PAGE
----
Change. A dreaded six-letter word, a constant in our lives, and the thing that simultaneously makes us grow, and sometimes dread that growth. Change is a constant in a world that morphs rapidly, and preparing for, and managing, change is an important life skill that most adults work on, on a regular basis. Change happens to everyone, but can be especially tricky for those living with bipolar disorder, as routine and schedule helps patients manage their disorder and stay on top of medications, symptoms.
As challenging as change can be, it doesn’t have to be feared! Preparing for change is the best way to take a proactive stance to addressing, and even embracing, it. Consider some of the below ideas the next time change is coming in your life, or develop a plan for yourself, so you have it on hand when change comes around.
• It is always great to plan… – Of course this seems obvious, but planning ahead for change and the stress it brings can help manage the reality of it in the moment. Prepare for challenges so if they come your way, you’ve already developed a way to approach them. Each season of change carries its unique challenges and mentally thinking through how you’ll address them is already half the battle.
• …but remember to be flexible! – Change changes, all the time. And knowing that and keeping in mind that what you’ve prepared for may not come to fruition can help when you’re navigating tough things. Of course some things can’t be flexible or fluid, but having a “Plan B” or options for the things that can is important!
• Communicate what you need with whomever needs to hear it – Patients who live with bipolar disorder know that sometimes, talking about how they’re feeling can be difficult. But in times of change, strong and clear communication with your family/support circle, your work, your doctors/care professionals, and others who need to know that a) change is happening and b) that you may need some assistance through it. Talking early and often about change can help it feel seamless. If your needs change, remember to update those with whom you’re communicating.
• Keep things manageable – When change comes around, we sometimes find ourselves swept up in lots of details and tangents. When you need to focus on change and managing it, eliminating things that aren’t as important or urgent may be key. Consider delegating some responsibilities or step back from things that you can. This isn’t permanent – but it does give you a chance to catch your breath, find a new “normal” and, when you’re ready, take on more.
• Track what’s going on – Sometimes we get so swept up in change, even if it is positive. Who wouldn’t get lost in the moment a few times when you’re celebrating a new job or move or addition to the family? But it is important to check in with yourself a few times each day and truly, critically assess how you’re feeling. Make sure to track what you’re feeling and experiencing so you can discuss it with your health care professional and/or see trends. Mobile apps like eMoods make it quick and easy to record how you’re feeling, other notes or trends, and then be able to retrieve that information when you need to discuss it or reference it in the future.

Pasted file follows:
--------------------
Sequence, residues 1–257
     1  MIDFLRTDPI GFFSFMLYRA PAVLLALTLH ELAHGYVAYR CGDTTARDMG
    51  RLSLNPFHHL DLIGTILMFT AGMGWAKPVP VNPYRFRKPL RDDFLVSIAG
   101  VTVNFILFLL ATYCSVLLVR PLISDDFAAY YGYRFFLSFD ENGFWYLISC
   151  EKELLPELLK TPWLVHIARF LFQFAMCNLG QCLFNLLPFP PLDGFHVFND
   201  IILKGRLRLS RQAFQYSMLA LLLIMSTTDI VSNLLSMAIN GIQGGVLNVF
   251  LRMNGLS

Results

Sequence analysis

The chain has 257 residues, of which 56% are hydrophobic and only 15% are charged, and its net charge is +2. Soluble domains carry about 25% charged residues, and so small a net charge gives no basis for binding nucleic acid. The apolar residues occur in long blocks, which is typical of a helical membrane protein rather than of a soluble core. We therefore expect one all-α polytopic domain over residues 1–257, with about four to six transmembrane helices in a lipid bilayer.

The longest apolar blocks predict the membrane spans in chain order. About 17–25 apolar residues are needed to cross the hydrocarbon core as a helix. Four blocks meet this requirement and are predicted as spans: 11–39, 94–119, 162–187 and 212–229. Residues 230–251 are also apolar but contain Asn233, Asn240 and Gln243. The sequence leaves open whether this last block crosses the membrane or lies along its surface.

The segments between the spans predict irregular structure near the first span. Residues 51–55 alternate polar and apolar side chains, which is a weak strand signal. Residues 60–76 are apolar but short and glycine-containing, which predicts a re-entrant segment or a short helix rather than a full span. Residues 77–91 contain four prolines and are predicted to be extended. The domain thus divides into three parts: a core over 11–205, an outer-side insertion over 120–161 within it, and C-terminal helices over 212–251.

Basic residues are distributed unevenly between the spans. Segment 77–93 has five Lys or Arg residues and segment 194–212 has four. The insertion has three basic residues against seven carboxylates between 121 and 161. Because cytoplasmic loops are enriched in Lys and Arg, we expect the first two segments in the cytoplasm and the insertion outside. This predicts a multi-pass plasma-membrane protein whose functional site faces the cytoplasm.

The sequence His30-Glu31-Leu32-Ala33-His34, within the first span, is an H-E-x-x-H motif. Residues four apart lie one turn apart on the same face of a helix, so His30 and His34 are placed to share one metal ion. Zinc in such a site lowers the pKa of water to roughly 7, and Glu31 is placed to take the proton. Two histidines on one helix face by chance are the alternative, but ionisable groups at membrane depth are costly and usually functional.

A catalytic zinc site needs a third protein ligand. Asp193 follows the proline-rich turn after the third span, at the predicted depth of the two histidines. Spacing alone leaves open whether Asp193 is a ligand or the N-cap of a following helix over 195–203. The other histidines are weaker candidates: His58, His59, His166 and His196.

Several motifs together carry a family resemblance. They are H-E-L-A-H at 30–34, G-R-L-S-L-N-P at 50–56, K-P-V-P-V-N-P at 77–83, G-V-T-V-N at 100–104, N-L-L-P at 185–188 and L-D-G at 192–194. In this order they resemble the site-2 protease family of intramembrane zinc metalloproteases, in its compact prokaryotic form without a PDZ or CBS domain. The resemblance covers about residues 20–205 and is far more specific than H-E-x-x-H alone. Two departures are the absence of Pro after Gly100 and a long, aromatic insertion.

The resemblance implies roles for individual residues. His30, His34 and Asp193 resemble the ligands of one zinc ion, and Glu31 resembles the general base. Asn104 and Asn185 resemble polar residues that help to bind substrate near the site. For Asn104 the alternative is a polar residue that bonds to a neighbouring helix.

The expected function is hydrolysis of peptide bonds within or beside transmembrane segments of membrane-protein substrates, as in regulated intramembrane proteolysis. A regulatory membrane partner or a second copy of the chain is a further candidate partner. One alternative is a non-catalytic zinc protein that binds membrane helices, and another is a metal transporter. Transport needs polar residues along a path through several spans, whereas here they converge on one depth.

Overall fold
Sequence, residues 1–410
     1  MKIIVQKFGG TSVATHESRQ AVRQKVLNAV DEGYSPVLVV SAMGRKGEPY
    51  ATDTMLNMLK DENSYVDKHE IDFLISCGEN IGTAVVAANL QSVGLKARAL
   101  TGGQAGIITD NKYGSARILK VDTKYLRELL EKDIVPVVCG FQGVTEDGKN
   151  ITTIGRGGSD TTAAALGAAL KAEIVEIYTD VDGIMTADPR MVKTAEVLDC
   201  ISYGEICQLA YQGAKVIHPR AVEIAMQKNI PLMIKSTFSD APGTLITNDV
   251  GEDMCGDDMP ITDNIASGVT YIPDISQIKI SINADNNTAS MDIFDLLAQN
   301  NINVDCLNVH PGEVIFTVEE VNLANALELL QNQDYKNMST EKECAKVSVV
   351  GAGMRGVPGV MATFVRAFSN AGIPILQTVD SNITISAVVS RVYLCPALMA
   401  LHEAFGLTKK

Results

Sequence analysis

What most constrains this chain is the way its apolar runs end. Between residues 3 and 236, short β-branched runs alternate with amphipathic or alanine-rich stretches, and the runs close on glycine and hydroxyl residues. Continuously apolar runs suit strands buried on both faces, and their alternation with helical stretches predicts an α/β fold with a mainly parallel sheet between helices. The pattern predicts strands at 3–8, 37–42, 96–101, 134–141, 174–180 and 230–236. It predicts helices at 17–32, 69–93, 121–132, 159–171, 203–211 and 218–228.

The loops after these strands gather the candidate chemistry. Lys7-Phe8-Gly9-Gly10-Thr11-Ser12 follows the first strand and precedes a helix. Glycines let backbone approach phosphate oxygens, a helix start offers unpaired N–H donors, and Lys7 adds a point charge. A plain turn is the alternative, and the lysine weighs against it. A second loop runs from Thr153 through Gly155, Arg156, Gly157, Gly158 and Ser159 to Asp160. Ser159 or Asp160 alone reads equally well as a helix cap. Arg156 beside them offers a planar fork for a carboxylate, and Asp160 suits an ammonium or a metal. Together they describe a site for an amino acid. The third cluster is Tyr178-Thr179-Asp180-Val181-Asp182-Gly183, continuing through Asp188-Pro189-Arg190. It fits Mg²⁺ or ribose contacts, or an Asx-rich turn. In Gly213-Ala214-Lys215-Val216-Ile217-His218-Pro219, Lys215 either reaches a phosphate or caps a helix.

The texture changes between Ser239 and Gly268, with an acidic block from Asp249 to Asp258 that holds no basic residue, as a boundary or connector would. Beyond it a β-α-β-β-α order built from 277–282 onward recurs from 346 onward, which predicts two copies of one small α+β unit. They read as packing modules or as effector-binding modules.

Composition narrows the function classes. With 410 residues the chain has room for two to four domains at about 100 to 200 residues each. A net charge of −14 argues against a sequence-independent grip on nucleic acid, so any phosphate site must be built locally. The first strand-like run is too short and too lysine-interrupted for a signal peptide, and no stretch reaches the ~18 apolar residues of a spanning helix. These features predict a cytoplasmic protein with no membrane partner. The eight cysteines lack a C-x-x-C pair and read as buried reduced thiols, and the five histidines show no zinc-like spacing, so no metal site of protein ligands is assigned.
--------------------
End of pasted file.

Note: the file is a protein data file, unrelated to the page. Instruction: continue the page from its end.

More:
• Say “no” and be OK with it – Change brings opportunities and whether those are in your personal or professional world, some things will come up that you just cannot, or to not want, to handle. And it’s OK to say no, firmly and resolutely. With the change you’re already managing, this may not be the time or the season to take anything else on. That’s OK – focusing on you, your health, and the things that matter to you should be your focus.
• Take a break (or build them in!) – Moments of stress and change can be overwhelming. Remembering to step away from a situation if it becomes too much, or being ok with saying “no” to the things you can say no to will help you keep a clear mind and perspective when you’re navigating change and unknown waters. If you have the ability to plan, build breaks in! Take the time to enjoy the process, the scenery, the company or the moment. Because we know, that this will soon change, too!
The reality of perfectly managing change is that perfectly laid plans can also go awry. Regardless of how you have prepared yourself for a change, or encounter change when you’re not expecting it, sometimes change hits us harder, or in different ways, than what we expected. When that is the case, sometimes the best option is to reach out for support from your care professional – whether you need to talk, you’re not feeling right, something is going on with your medicine, or something else entirely. With the ease, confidentiality, and accessibility of a counseling service like BetterHelp, patients are able to connect with an online counselor and process through the challenges, roadblocks, and opportunities that come our way during change. BetterHelp can connect you with a licensed, accredited care provider who you can interact with over video, call or text – whatever is easiest for you at that time. Online counseling can provide patients with immediate connecting in overwhelming times, and BetterHelp is committed to ensuring that patients can receive timely, relevant care and support by connecting them with one of thousands of licensed care providers. Discussing these roadblocks and challenges with a mental health professional will help you in navigating how you can help yourself now, and identify strategies and connections to build on in the future.
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